Tag Archives: Ravensburger

Another Chance – Las Vegas review

Las Vegas COVER

Regular readers (and there is such a thing) will know that one of my favourite games is the criminally underrated Lords of Vegas. It’s a great game, really capturing the birth of the City of Sin as you and your fellow players attempt to create your own casinos while merging into and taking over others. Of course, the entire thing is driven by dice, precisely the engine you would expect in a game built around the home of gambling, as someone who loves the randomness that they bring to a game, I’ll happily sit down and play most things where they’re in the box.

Last week a copy of Rudiger Dorn’s 2012 release Las Vegas dropped onto my doorstep, and again it’s a box that’s full to the brim with six-siders. Now, while it may not be as thematically impressive as Lords, it still hits the required areas of seeing plenty of dice rolling and getting yourself lots of money, and has hit our tabletop pretty regularly thanks to a combination of push your luck and important decision making. I actually first played it at last year’s Spiel with two Germans and a French guy, none of whom spoke a word of English, but thanks to some basic language skills and some high quality gesturing, I got that hang of it pretty quickly.

Over the course of four rounds, players are looking to accrue the most money, with the highest total at the end of play declared the winner. Six tiles, each one representing a non-copyright infringing but rather familiar looking casino and numbered from one to six, are laid out between the players. Cards are then laid out by these tiles, each with a monetary value from $10,000 all the way up to $90,000, with a minimum of $50K required for each casino. In other words, if the first card you dealt out for a tile was worth $40,000, you add a second card immediately.

It’s then time for dice rolling, with the players initially taking eight of their own colour and two neutral white dice in hand, then hurling them with wreckless abandon on the table. They’re then grouped by value – all the ones together, the twos, etc. – and a decision must then be made. All of the dice of a single value, whether they’re in your own colour or white, must be placed on the corresponding casino tile. Your final aim, after everyone’s dice have been put into play, is to have the single highest amount of dice on a tile, as doing so allows you to take the money card for that round.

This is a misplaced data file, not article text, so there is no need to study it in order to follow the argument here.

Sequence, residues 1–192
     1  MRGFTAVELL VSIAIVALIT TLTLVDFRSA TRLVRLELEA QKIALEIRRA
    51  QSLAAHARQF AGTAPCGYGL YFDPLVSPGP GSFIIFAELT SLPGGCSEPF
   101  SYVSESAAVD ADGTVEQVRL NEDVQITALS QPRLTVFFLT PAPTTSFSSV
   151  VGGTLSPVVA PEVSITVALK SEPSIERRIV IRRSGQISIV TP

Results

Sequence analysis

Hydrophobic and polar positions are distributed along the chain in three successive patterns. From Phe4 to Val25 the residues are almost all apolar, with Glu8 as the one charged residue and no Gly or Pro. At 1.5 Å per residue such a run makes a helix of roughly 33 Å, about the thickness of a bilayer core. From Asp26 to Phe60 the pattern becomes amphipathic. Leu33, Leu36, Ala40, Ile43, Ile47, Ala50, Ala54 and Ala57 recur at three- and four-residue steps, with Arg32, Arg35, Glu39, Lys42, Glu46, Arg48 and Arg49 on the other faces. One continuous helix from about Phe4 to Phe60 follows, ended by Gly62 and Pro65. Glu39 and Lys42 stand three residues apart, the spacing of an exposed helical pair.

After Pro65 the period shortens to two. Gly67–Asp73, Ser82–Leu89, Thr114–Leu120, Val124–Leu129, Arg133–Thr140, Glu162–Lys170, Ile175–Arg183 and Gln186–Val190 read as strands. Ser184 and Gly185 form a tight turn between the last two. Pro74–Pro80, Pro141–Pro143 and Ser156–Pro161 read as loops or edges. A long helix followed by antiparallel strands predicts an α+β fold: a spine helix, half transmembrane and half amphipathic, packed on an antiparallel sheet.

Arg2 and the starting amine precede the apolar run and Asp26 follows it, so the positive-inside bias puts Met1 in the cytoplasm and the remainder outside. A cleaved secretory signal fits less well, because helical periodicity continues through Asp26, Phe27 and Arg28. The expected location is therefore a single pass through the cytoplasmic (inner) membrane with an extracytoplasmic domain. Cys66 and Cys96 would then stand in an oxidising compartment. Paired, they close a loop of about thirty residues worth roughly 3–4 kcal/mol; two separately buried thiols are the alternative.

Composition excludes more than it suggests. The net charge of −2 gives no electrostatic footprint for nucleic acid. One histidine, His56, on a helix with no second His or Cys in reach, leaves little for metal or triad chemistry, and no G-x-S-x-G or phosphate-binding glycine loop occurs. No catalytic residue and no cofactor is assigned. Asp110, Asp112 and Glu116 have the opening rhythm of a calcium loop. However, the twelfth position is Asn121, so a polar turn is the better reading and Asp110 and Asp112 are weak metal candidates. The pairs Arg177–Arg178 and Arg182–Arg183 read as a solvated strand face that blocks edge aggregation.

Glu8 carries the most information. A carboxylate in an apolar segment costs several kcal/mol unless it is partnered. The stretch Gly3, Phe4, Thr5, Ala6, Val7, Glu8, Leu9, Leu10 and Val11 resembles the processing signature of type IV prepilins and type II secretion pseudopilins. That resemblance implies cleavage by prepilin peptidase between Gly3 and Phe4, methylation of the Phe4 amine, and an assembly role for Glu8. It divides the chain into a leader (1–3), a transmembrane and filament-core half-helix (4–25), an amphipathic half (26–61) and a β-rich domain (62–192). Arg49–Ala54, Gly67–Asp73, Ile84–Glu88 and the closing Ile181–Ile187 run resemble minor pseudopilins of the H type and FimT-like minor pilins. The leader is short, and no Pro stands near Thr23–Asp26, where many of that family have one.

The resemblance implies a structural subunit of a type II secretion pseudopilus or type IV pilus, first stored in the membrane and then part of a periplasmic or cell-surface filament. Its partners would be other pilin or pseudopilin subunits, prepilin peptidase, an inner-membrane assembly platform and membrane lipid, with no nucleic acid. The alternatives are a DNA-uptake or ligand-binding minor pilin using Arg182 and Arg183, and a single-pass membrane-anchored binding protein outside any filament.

It’s here where the decision making part of the game comes in. Sure, there may be a middling card on one casino, but do you want to throw away half of your dice so early on in the round to almost guaranteeing that you’ll get it? What happens if later on another player ends up bettering your total, leaving you with nothing to show for your early investment? As dice have to be added to tiles every single time you roll, there’s always a danger that they could end up utterly useless. Such are the vagaries of chance!

So, this a

So, this actually happened in a recent game. Final round, two players fighting over a very important $70,000. Back and forth it went, one six here, another there, until they both ended up with eight dice each and walked away with nothing. That final, spiteful roll of a single six was utterly incredible.

As in the city itself, the underdog is always in with a chance, even if they’re down to their final dice. You see, it’s all about having the single highest amount of dice, meaning that if a situation arises where a couple of players both have three or four dice on a tile, you can sneak in and steal the cash with only one sat there. It’s even funnier when you manage to take the card by adding white dice – they almost act as a virtual fifth player, screwing up the plans of the real people sat at the table, so never underestimate their strength until they’ve all been placed.

When the round is done and the cards are doled out, you’ll generally find that each casino will only have one to be claimed. However, in the case of those that have multiple cards, there can actually be more than one winner, as long as their total amount of dice doesn’t equal anyone else’s. A recent game I played had three cards up for grabs, where two $20,000s were followed up with a very appealing $80,000, ending up in a frenzy of dice being thrown to the claim pile – six, four and three in the end. Still, at least everyone left that casino with some money in their pocket. It’s quite easy to be stitched up by the white player and end up penniless.

Despite its initial simplicity, I’ve grown to really quite like Las Vegas. With the opportunity to make decisions in the game being somewhat limited by what you roll, it’s a perfect game to fill a half hour gap or to round out an evening. You don’t have to put a huge amount of thought into the game because most of the options are taken out of your hands – just roll the dice, see what will bring in the most potential money while reacting to what others have done, then allow play to move on. While there’s pretty much zero interaction in the actual game, you’ll find yourself willing others to roll badly, or curse them openly when a particularly valuable casino falls straight into their laps – the metagame in this one is great.

From a production standpoint… well, it’s hard to screw up dice and cards, and Ravensburger have done their usual job of providing solid components throughout. The casino tiles are of a decent thickness, the cards are grand, the dice are pretty standard – but really, Las Vegas isn’t about the bits and pieces. Your focus should be on that next turn and hoping, praying, that you roll just enough to claim the big money. After all, too many dice on a tile is wasteful, and a good gambler never wants to overpay.

Las Vegas was designed by Rudiger Dorn and released through Ravensburger in 2012. Nominated for the 2012 Spiel des Jahres, between two and five can play (though I think it’s better at the higher end, four or five is best) with games taking about 20-30 minutes. Copies can be grabbed for around £18 from Gameslore, so go pay them a visit! Oh, and if you fancy checking out the first Little Metal Television video that looks at Las Vegas, behold!